Jerusalem’s Stunning New $364M Business District Unveiled

By Shoshanna Solomon, The Times of Israel November 02, 2016 Comments

This article was first published by The Times of Israel and was re-posted with permission.

Jerusalem Mayor Nir Barkat and Israel’s Transportation Minister Yisrael Katz are set to attend a cornerstone-laying ceremony on Wednesday evening for a new business district at the entrance to Jerusalem, flagged as a “game-changer” for the nation’s capital and one of the most prominent business projects in the country.

“This project we are initiating is a game-changer for Jerusalem. It is the biggest, most significant and essential project for the future of the city,” said Barkat in an emailed statement to The Times of Israel. “Jerusalem after the completion of this new business district will be different from before,” transformed from a city with stalled economic growth and a declining population to “an attractive city for young people,” competitive and empowered.

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With an investment of NIS 1.4 billion (approximately $364 million) by the government and the Jerusalem municipality, the Jerusalem Gateway project district will spread out over an area of approximately 700,000 square meters (173 acres), starting from the Chords Bridge that greets visitors at the entrance to the city, and leading to a renovated Binyanei Ha’uma – International Convention Center and right up to Ben Zvi Boulevard, where the popular Ima restaurant is located.

“The project is huge and will create an area that will be completely integrated with the rest of the city and throbbing with cultural and commercial activities during the day and the night,” Lior Grunhaus, vice president of Eden, the municipal company that is managing the project, said in an interview. “Today the entrance to Jerusalem is peppered with empty parking lots and bus lots that are not what you’d like to see entering the capital of the country.”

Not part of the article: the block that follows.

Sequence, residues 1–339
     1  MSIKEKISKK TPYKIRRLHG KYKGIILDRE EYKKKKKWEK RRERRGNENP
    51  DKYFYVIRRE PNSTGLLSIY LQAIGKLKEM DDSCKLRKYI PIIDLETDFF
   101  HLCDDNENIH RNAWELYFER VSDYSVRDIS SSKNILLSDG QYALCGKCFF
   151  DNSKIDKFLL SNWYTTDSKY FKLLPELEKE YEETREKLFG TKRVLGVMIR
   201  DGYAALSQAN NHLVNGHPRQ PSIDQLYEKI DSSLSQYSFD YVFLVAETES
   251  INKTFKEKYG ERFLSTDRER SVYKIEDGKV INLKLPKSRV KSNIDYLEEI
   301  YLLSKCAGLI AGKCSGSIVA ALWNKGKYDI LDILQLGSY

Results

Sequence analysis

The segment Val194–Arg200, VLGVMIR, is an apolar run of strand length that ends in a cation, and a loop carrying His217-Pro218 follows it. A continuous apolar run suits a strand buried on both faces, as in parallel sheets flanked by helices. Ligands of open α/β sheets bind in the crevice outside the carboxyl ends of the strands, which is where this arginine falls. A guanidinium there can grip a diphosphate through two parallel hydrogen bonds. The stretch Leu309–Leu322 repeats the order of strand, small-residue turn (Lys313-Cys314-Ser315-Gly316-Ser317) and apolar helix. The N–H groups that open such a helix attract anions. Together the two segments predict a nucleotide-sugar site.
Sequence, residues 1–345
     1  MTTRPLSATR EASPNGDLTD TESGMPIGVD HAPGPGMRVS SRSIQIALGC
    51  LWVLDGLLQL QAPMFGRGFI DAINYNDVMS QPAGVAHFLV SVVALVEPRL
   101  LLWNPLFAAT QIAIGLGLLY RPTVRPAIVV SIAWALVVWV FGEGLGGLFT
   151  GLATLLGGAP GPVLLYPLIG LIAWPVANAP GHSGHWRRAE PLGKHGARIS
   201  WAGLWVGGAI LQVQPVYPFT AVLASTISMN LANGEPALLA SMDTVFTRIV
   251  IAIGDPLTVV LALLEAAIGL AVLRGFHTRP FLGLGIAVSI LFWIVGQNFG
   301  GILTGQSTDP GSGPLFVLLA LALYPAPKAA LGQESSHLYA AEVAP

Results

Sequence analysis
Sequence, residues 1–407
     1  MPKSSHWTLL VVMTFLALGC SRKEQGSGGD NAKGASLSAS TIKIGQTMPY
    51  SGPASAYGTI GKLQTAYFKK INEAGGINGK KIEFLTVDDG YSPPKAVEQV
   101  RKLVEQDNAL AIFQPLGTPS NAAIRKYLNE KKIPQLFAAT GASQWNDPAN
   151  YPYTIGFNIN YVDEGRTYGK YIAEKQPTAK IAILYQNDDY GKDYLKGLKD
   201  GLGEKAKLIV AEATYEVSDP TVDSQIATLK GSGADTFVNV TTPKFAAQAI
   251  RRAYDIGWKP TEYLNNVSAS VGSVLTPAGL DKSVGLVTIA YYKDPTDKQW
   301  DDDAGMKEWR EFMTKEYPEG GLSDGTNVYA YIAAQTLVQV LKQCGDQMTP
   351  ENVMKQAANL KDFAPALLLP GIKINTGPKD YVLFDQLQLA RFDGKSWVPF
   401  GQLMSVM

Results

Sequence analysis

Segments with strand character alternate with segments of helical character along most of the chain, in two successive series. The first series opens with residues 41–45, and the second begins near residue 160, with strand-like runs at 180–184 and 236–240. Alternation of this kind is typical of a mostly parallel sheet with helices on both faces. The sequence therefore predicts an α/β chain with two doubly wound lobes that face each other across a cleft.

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The approved master plan for the area, developed for the municipality by Israel’s Farhi Zafrir Architects, envisages 24 new office buildings, nine of which are 36-floor skyscrapers, with 60,000 square meters of commercial space, business centers, hotels, and 70,000 square meters of leisure and cultural spaces. This is to be connected to the rest of the city via new walking and cycling paths and two light railway lines.

“We are now working on the urban and landscape plans to make sure the essence of Jerusalem is preserved,” Grunhaus said. “We are investing a lot of money and time in planning the cycling and walking routes, to ensure that people will be able to pleasantly walk from the district to the city center and the old city.”

Jerusalem's new business district

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Photos and video: Moriah, Dagan

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